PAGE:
Distribution and environmental tolerances of aquatic macroinvertebrate families in the agricultural zone of southwestern Australia

  • Kay W
  • Halse S
  • Scanlon M
 et al. 
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The agricultural zone of southwestern Australia is an extensively modified landscape. Ninety percent of the perennial native vegetation has been cleared and replaced by annual cereal crops and pasture. Consequently, groundwater has risen and much of the region is affected by dryland salinity. River geomorphology and water quality have been severely impacted by land clearing, anthropogenic patterns of land use, and secondary salinization. The objectives of this study were to determine patterns of distribution of aquatic macroinvertebrates in the region, and to identify environmental variables influencing these patterns. Aquatic macroinvertebrates were sampled at 176 river sites during spring 1997 and a range of environmental data were collected at each site. Eighty-one families were collected, with the fauna being dominated by insects. At the family level, macroinvertebrate communities were homogeneous and depauperate, and consisted of families that tolerated a broad range of environmental conditions. The fauna was particularly resilient to high salinities, with some families tolerating salinities orders of magnitude greater than previously reported for lotic waters. The most significant environmental factors influencing the distribution of aquatic invertebrates were rainfall, salinity, land use, and instream habitat.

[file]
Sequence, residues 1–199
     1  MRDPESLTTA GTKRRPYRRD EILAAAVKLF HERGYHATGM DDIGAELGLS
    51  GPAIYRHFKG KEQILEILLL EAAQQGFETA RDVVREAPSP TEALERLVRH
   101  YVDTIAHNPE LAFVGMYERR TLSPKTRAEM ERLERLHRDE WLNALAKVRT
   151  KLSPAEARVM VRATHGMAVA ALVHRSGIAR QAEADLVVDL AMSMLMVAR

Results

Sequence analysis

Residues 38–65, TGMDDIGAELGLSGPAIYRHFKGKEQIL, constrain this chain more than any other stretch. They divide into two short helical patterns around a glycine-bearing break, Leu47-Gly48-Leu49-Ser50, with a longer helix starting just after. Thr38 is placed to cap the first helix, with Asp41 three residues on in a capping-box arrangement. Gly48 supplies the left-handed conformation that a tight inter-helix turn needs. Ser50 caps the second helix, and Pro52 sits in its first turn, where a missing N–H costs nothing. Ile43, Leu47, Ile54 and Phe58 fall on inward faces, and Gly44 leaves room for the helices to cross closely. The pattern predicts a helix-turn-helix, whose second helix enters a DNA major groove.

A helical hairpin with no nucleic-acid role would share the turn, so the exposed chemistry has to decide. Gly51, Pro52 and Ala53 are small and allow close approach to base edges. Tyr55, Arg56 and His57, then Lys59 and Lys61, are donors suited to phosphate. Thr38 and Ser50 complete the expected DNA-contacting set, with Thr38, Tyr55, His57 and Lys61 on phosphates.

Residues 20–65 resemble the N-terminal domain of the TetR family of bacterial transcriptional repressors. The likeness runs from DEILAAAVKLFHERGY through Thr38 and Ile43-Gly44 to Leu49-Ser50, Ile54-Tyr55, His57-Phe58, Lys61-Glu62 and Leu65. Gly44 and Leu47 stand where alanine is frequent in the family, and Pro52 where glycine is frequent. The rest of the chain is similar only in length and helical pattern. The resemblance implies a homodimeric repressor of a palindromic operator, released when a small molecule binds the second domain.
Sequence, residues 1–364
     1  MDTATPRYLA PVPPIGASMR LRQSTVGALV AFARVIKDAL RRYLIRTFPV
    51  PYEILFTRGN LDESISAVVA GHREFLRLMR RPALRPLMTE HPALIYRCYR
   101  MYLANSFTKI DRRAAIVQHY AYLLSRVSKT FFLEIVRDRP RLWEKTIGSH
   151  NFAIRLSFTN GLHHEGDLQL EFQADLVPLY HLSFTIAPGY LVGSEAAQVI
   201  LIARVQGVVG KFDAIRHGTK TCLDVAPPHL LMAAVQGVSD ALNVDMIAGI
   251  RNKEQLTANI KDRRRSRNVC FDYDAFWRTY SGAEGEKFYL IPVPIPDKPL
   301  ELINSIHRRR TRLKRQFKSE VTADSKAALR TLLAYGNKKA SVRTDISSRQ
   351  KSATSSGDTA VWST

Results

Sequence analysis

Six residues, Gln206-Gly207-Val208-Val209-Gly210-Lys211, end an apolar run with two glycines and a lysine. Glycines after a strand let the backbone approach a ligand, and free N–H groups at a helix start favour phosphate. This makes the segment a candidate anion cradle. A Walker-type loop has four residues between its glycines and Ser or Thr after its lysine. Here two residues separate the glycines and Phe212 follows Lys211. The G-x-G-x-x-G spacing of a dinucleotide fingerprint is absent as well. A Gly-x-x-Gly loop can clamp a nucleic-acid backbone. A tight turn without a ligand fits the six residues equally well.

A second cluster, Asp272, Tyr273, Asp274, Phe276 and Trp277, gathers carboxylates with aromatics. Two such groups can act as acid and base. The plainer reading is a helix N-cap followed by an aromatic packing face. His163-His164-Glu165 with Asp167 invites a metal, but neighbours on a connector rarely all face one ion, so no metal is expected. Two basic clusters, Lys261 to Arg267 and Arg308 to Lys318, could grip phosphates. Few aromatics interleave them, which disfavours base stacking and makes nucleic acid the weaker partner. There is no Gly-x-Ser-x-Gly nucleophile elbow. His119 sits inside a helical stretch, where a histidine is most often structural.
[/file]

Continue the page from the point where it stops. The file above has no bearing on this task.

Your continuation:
Author-supplied keywords

  • Agriculture
  • Australia
  • Biomonitoring
  • Land use
  • Macroinvertebrates
  • Rainfall
  • Salinity
  • Water quality
  • Western Australia
  • agricultural land
  • environmental conditions
  • geomorphology
  • macroinvertebrate
  • spatial distribution
  • water quality

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  • Winston R. Kay

  • Stuart A. Halse

  • Michael D. Scanlon

  • Michael J. Smith

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